Russia Military See U.S. Iraq Attack in Feb
Wed January 22, 2003 04:36 AM ET
MOSCOW (Reuters) - Russia's armed forces have obtained information that the United States and its allies have already decided to launch military action in Iraq from mid-February, news agency Interfax said on Wednesday.
The agency's specialist military news wire AVN, quoting an unnamed high-ranking source in the Russian general staff, said U.S.-led operations would be launched once an attacking force of 150,000 had been assembled in the Gulf.
"According to the information we have, the operation is planned for the second half of February. The decision to launch it has been taken but not yet been made public," the source told the agency, which has generally authoritative contacts in the Russian military and political establishment.
The source added that the main aim of the war would be to secure control of Iraqi oilfields.
It was not indicated by what means the Russian military had obtained such information -- it was not clear if it had been acquired covertly by Russian intelligence services or by a direct tip-off from Washington, which would be keen to avoid any misunderstandings with Moscow if it does launch a war.
The United States says it is building up a force estimated to reach more than 150,000 by the end of next month. Britain is sending a further 30,000 troops. No other allies have come forward with significant military commitments so far and some, notably France, Germany and Russia are against rapid action.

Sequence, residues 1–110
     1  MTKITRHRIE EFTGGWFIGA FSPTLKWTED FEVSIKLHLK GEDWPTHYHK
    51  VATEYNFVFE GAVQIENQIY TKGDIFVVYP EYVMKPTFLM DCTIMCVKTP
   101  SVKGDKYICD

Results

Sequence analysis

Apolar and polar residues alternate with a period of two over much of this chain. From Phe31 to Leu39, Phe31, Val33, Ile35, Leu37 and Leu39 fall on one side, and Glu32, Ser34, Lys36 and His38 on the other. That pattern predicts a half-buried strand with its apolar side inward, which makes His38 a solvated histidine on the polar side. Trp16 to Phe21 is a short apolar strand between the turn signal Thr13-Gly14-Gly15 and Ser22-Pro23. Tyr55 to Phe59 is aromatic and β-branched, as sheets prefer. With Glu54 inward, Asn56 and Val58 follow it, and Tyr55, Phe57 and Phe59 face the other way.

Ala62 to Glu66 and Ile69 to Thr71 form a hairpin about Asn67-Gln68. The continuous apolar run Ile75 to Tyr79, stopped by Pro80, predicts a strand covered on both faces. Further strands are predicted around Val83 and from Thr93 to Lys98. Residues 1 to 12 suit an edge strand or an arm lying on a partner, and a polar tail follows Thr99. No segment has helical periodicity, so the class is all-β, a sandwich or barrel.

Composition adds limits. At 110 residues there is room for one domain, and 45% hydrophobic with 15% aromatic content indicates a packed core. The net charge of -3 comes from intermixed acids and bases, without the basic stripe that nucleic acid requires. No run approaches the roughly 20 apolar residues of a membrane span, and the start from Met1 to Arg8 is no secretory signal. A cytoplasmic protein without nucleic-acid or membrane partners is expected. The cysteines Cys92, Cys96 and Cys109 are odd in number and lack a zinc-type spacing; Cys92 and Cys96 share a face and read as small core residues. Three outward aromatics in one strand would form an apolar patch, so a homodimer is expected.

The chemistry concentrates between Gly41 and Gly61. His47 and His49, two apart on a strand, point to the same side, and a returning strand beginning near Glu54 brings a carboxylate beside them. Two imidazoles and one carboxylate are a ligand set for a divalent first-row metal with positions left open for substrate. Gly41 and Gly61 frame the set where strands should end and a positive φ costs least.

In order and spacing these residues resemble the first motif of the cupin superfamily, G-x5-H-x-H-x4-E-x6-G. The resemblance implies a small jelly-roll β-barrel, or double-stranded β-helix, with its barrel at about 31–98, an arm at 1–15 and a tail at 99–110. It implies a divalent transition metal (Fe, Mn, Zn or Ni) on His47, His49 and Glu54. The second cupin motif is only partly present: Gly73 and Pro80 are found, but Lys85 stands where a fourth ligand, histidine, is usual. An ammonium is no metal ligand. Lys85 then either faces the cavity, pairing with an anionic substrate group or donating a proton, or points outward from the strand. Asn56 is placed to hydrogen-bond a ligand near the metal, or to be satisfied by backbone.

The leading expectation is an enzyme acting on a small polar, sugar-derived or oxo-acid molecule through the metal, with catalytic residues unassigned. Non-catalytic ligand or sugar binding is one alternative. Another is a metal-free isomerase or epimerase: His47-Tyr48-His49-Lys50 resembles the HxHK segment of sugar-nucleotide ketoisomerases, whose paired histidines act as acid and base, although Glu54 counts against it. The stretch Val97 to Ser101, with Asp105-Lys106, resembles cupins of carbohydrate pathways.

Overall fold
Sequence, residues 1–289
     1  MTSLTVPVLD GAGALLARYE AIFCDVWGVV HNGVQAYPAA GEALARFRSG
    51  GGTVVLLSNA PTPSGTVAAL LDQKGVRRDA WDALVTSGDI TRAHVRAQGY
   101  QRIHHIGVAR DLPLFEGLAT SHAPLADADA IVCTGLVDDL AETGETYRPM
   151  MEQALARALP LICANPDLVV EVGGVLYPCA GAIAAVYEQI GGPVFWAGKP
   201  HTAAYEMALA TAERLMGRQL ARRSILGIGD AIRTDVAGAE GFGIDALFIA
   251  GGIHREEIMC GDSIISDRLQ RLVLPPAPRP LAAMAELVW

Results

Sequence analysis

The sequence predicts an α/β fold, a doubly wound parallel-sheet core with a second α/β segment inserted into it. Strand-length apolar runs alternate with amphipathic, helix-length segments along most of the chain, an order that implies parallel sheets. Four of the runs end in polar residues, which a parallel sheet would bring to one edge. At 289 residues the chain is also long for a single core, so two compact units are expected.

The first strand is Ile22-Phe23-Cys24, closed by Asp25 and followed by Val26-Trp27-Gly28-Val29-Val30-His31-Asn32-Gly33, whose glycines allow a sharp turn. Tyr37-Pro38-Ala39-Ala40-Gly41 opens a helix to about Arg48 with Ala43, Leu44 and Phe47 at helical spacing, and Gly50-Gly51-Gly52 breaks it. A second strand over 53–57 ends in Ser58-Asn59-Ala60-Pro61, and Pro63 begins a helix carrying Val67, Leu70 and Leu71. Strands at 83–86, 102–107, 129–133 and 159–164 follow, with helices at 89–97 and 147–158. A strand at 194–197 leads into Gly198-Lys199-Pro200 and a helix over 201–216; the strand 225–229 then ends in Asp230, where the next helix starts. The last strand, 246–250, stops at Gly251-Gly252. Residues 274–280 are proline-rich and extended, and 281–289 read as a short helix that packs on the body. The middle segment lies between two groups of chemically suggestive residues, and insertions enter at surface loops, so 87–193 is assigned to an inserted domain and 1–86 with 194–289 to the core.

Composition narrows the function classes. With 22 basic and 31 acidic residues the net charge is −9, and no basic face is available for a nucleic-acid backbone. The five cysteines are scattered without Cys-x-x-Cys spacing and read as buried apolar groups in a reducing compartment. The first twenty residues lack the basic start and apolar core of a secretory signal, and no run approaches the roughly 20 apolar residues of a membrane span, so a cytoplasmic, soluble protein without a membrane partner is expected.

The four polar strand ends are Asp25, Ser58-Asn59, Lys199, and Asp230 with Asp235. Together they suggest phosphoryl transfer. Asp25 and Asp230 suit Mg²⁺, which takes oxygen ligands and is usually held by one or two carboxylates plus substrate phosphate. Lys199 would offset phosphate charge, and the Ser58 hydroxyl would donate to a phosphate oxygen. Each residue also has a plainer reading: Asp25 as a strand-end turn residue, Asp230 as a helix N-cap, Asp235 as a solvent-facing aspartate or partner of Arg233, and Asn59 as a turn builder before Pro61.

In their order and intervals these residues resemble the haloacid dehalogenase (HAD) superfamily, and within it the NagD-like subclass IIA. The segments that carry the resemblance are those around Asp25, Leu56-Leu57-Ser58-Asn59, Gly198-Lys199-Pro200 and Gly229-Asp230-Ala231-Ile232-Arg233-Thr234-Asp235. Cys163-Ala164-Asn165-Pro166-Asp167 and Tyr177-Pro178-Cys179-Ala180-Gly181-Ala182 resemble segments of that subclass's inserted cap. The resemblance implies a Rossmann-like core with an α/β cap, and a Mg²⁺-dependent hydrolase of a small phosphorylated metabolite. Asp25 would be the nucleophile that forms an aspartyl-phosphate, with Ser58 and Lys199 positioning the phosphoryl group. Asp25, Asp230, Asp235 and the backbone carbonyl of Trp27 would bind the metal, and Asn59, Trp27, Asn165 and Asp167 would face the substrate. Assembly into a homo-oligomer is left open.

"The military operation against Iraq will be conducted by a combination of means -- strikes will be from the air, land and sea. The war will be short, lasting about one month," the Russian source was quoted as saying.
The source added that the main aim of the operation was not so much to topple Iraqi President Saddam Hussein but to secure U.S. control over Iraqi oilfields.
"Hussein is the pretext. The real aim of the military action is control over Iraqi oil," he said.
Russia, together with France which is also a permanent member of the U.N. Security Council, are cautioning against U.S action in Iraq now while U.N. arms inspectors are continuing to search for evidence of weapons of mass destruction there.
Russia has a major commercial interest in Iraqi oil and has made clear its eagerness to exploit Iraq's huge reserves once U.N. sanctions on Saddam are lifted.
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